International Women’s Day

The global violence faced by women and girls is deeply rooted in patriarchy which rests upon broader systems of capitalism and colonialism. This historical and ongoing oppression plays out in many aspects of our daily lives: it affects our access to economic security, body sovereignty and civic engagement. It results in ongoing and systemic forms of sexual violence and physical and emotional abuse and sends a clear message that our lives are valued less than those of our cis-gendered male counterparts.

Often, the need for our shared and continued struggle is negated by token gestures of equality: bringing in more women to be the face of racist governments, legalizing abortion on-paper while continuing to limit access safe sites. This is not what equality looks like.

In the face of violence, and continued attacks on feminist movements, women and girls resist. The first International Women’s Day was observed in the U.S. in 1909 and every year since, the movement has grown and spread. The day is one of solidarity: one in which all women (Indigenous, racialized, trans*, sex workers, (dis)abled, queer, working class/poor) can reflect on our shared struggles, and the ways in which our complicated and intersecting identities affect us individually.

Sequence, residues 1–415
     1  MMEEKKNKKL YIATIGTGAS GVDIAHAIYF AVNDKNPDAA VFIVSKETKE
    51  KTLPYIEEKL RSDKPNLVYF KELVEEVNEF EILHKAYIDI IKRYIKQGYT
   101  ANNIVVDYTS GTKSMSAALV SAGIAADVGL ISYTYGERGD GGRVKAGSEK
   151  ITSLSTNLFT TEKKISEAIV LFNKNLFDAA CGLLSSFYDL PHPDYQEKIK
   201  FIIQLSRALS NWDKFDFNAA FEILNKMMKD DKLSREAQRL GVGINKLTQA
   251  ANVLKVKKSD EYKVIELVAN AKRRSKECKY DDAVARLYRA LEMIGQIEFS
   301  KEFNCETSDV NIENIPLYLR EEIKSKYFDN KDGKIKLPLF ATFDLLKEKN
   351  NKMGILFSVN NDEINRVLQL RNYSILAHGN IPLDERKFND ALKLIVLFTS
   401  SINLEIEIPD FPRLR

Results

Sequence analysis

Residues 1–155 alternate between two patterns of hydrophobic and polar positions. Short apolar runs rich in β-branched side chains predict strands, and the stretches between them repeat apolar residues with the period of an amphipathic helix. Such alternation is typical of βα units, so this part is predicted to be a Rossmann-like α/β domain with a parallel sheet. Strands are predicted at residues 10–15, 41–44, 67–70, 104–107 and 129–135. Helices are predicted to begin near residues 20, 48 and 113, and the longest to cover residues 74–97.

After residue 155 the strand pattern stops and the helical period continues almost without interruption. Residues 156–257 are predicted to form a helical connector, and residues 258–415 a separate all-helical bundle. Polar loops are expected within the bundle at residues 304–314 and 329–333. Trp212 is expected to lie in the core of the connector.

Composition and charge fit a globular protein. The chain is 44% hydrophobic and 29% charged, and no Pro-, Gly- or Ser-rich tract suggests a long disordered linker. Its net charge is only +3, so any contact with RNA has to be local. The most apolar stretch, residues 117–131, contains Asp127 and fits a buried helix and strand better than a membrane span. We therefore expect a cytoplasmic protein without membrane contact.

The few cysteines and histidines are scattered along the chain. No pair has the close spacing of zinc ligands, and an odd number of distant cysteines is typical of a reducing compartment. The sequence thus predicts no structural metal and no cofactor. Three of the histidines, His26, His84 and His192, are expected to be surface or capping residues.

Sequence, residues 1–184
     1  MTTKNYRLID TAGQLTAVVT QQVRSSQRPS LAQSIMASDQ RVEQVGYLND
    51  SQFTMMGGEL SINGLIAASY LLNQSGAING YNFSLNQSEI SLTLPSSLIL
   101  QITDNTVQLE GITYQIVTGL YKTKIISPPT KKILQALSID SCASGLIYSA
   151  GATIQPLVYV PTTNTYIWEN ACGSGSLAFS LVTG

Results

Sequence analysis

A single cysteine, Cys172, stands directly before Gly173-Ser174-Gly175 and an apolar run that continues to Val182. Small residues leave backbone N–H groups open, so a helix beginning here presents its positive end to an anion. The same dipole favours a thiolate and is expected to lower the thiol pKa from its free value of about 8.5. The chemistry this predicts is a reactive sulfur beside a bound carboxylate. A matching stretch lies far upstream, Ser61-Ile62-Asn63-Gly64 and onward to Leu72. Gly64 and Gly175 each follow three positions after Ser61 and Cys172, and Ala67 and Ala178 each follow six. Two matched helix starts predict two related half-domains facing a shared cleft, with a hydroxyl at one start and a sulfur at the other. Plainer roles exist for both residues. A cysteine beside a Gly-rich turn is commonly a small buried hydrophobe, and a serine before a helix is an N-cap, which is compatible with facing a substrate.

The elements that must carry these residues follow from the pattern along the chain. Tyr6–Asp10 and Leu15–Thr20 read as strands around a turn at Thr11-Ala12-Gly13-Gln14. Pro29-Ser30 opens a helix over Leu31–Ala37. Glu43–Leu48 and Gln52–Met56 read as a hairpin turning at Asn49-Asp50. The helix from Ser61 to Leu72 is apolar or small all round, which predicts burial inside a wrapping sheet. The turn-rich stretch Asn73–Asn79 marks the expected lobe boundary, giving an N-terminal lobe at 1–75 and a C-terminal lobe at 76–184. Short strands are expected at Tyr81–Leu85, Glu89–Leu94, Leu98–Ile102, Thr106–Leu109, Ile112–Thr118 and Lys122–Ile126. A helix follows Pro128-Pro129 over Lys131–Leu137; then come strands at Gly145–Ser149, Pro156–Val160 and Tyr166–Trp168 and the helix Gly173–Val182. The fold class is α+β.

From this reflection and unity comes strength and power. Every year, we march, and every year, we challenges ourselves and the systems around us to change. As we take to the streets, around the world, we call for an end to patriarchy and re-imagine a world in which all women and girls are free.

A poster for International Women's Day 2009, featuring two fists, one in blue and another in pink, holding a blue and pink tulip against a gray background. The text reads "Sisters in Struggle" and "International Women's Day, March 8th, 2009.

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